The continuous evolution of technology is one of the world’s few true constants— and with it, the changing security challenges that organizations face. In 2024 and beyond, staying ahead of emerging threats will be a key part of protecting sensitive data against potential breaches. Take a look at what our executive security team flagged as the top 10 concerns that will dominate the cybersecurity landscape:

1. AI Governance:

The widespread adoption of generative AI technologies in workplaces has raised concerns surrounding governance and control mechanisms. With the potential for AI models to access sensitive data sources, organizations face heightened risks of unintentional exposure and data breaches. Without proper oversight, the use of generative AI could lead to the accidental leakage of sensitive, personal, regulated, or critical data, posing significant security and privacy risks. In the wrong hands, exposures like that could result in severe repercussions, including data breaches and regulatory non-compliance.

To address these challenges, organizations must establish detailed governance frameworks to regulate the access and usage of data by AI applications effectively. Creating and enforcing specific AI data usage policies across all data assets is essential for detecting and mitigating policy violations effectively. In the event of an incident or policy breach, organizations must have mechanisms in place to trigger automatic remediation actions, controls, and measures to minimize the risk of unwanted exposure, unauthorized access, and misuse of data.

2. Insider Threats:

Insider threats remain one of the most challenging security concerns for organizations, primarily due to their covert nature and potential for significant damage. Detecting insider threats requires a comprehensive approach that leverages advanced technologies and methodologies to identify suspicious activities and behaviors.

Telemetry data from various log sources is a critical source of information for detecting insider threats. When security teams analyze log data from diverse sources such as network traffic, system logs, and user activity logs— organizations can gain insights into anomalous behavior patterns indicative of insider threats.

Advanced User and Entity Behavior Analytics (UEBA) models play a pivotal role in identifying anomalous behaviors that may indicate malicious intent. These models leverage machine learning algorithms to analyze user behavior across multiple data points and identify deviations from normal patterns, helping organizations detect potential insider threats proactively.

Layered security tools further enhance the detection capabilities for insider threats by providing multiple lines of defense against unauthorized activities. These tools encompass a range of security measures, including intrusion detection systems, endpoint security solutions, and data loss prevention mechanisms, working together to detect and mitigate insider threats effectively.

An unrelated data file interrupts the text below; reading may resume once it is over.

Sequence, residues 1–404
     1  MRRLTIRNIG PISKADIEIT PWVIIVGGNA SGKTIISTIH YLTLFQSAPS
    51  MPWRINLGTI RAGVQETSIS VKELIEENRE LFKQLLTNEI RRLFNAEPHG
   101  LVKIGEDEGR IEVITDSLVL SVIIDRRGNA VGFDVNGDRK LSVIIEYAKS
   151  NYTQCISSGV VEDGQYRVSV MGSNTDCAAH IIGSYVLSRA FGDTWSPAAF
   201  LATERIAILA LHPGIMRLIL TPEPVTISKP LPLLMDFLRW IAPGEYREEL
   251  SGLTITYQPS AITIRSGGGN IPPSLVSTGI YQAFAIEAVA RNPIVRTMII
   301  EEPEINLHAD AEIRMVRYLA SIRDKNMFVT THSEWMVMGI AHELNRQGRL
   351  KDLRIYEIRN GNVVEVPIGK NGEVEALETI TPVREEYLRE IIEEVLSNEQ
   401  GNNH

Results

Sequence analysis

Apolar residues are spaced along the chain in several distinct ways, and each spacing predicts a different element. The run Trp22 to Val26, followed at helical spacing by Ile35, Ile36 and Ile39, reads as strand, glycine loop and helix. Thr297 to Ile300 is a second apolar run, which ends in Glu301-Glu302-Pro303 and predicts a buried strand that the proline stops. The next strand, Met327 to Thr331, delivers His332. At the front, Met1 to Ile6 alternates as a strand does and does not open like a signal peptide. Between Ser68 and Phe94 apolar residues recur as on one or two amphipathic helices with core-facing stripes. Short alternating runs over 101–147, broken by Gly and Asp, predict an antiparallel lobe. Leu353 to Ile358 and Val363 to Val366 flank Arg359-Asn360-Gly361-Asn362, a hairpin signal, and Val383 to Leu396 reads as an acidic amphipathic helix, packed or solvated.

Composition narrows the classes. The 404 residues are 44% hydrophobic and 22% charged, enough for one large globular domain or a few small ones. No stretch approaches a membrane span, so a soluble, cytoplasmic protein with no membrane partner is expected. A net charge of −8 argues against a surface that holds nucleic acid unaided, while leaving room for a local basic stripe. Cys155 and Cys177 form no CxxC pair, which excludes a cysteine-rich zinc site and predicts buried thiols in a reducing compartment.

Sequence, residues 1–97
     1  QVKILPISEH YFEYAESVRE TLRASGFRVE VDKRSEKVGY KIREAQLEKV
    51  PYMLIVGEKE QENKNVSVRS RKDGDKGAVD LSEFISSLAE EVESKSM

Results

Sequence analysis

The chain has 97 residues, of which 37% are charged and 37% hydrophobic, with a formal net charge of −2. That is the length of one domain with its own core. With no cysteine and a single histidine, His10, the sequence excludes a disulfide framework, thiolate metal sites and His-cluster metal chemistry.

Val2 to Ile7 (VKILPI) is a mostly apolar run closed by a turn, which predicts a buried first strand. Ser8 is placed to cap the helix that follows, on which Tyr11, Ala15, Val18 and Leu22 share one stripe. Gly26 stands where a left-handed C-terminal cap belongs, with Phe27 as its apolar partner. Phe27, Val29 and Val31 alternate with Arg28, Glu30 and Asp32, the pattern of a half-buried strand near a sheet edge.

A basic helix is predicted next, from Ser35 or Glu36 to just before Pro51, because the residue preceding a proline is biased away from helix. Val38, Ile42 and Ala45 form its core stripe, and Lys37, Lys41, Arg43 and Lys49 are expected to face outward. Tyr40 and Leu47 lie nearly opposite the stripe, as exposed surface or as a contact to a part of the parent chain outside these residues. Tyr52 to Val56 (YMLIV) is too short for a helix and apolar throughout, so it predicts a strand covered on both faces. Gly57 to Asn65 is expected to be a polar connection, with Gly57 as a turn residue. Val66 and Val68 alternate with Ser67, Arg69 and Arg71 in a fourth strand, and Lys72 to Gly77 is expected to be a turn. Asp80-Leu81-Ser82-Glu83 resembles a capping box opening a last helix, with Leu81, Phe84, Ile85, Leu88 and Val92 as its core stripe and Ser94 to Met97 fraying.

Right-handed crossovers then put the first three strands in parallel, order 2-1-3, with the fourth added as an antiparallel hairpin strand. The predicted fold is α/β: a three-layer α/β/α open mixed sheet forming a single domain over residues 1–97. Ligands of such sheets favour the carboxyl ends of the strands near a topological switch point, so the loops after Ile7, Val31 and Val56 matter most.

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3. Cloud Migrations & Cloud Data:

The ongoing shift of large enterprises from traditional on-premise data centers to cloud-based environments— commonly known as “lift and shift” — reiterates the importance of ensuring the security of cloud infrastructures. However, a significant challenge arises when organizations fail to refactor their applications to become cloud-native, often exposing themselves to additional risks. Traditional on-premise data centers operate differently from cloud-based environments, necessitating careful consideration and strategic planning during the migration process.

Refactoring applications to be compatible with cloud environments is essential to mitigate potential security vulnerabilities and minimize the introduction of new risks. Without proper adaptation, organizations may inadvertently create security holes that compromise the integrity and confidentiality of their data. Thus, ensuring that applications are effectively refactored for cloud hosting is a critical step in safeguarding against cybersecurity threats.

4. Misconfigurations:

Despite the widespread adoption of Infrastructure as Code (IaC) for deploying cloud assets, misconfigurations continue to pose significant risks to organizations’ security posture. While implementing robust security measures and validation processes during the deployment pipeline is crucial, many organizations overlook the importance of validating for configuration drifts once environments are live.